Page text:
Cardiac auscultation is an essential part of clinical examination; recent studies, however, have demonstrated a remarkable decline in auscultatory skills.
Teaching cardiac auscultation has been augmented with multimedia approaches before, albeit these studies have focused on learning from collections of sounds and murmurs.
Electronic stethoscopes are becoming increasingly popular; their use for teaching cardiac auscultation has so far not been appreciated.
We have linked an electronic stethoscope with a laptop computer to permit bedside “electronic phonocardiography” in order to facilitate the teaching of cardiac auscultation.
In conclusion, we have reported setup and technical features of a simple new system for the bedside teaching of cardiac auscultation as well as our first experience with this approach. This system, we believe, holds considerable promise with regard to undergraduate teaching. We would like to encourage others to use our approach and add further improvements.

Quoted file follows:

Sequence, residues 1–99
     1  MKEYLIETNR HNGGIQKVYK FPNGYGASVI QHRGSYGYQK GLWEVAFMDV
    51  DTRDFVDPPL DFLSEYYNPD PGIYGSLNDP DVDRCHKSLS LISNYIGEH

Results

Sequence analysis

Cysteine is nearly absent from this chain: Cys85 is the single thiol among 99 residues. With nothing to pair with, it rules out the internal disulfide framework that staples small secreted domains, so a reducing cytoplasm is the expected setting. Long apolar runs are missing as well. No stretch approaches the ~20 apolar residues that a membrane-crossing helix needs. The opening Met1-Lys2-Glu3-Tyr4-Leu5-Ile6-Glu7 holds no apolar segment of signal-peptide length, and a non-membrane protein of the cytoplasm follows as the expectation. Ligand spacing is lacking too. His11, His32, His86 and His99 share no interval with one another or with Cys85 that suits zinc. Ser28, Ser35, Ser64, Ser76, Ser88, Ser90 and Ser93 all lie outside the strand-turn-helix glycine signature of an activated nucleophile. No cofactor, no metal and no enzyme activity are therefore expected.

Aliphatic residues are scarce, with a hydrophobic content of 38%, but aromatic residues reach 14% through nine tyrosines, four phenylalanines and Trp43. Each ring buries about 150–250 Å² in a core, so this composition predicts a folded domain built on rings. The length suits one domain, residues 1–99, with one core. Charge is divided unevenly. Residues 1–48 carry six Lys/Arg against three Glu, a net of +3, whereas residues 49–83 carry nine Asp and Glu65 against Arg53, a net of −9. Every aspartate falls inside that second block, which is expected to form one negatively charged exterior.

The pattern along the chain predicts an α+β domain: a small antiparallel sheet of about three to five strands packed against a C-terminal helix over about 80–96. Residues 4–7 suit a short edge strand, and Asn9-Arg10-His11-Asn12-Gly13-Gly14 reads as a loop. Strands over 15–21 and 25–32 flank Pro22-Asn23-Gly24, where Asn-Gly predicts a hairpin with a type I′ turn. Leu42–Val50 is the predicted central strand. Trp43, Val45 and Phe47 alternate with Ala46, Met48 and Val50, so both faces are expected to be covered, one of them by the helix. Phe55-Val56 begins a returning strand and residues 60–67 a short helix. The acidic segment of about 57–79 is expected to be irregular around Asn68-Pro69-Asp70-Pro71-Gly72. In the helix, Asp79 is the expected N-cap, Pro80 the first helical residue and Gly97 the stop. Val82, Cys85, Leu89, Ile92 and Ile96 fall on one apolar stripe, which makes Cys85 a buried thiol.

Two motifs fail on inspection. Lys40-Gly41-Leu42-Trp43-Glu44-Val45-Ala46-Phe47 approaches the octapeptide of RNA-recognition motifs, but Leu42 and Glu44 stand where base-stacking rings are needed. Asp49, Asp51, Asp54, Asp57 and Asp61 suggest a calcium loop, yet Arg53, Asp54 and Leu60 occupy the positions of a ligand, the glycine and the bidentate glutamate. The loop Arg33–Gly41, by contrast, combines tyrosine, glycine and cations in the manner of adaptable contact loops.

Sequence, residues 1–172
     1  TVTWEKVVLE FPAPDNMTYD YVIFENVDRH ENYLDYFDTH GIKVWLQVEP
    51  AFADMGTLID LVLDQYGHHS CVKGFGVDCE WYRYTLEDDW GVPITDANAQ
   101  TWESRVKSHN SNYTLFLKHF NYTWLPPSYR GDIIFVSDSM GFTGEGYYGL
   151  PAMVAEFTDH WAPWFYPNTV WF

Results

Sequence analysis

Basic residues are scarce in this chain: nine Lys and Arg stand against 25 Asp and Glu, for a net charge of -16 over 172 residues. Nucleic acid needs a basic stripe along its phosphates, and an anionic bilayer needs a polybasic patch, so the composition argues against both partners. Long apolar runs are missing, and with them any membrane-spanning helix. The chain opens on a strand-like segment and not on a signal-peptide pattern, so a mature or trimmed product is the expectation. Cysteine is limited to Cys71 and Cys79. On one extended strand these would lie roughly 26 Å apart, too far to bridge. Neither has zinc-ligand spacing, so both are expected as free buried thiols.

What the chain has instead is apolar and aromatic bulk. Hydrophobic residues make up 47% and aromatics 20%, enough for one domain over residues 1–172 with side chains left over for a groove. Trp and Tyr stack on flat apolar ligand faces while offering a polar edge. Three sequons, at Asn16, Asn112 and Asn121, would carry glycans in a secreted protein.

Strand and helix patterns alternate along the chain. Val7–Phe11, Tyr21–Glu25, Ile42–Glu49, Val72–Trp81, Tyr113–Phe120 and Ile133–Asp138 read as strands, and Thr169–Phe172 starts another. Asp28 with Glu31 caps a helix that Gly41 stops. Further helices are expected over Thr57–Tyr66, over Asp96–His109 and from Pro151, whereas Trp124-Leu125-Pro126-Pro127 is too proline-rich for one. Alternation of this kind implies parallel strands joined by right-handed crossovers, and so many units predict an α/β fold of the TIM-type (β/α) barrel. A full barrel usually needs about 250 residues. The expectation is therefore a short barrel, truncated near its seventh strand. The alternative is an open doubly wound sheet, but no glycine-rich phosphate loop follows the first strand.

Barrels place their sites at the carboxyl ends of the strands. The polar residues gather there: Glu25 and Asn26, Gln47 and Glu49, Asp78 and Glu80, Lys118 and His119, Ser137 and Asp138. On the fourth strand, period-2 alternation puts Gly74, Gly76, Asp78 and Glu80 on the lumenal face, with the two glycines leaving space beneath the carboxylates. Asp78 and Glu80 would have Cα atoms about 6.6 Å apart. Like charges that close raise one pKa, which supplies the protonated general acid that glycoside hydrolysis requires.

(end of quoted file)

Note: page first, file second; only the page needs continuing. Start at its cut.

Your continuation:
We are indebted to Friedrich C Luft (Franz-Volhard-Clinic, Charité Campus Berlin-Buch, Berlin, Germany) for help with the manuscript. We also appreciated the help of Frank Streiber, MS, and Maik Schroeder, MS. We are also indebted to the students and patients who agreed to participate in this study.
Conflict of interest: There is no conflict of interest, particularly no connection whatsoever with Littmann 3M, the manufacturer of the stethoscope.